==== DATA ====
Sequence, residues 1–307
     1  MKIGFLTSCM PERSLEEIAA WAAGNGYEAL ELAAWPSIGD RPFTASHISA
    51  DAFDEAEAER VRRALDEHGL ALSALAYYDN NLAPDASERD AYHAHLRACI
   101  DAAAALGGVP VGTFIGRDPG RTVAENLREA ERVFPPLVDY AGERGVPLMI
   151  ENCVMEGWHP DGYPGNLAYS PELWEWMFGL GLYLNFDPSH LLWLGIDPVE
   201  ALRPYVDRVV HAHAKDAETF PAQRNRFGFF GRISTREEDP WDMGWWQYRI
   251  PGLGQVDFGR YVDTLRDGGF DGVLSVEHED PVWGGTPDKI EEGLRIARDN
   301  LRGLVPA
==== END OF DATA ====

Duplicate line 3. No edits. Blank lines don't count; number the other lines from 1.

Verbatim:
    51  DAFDEAEAER VRRALDEHGL ALSALAYYDN NLAPDASERD AYHAHLRACI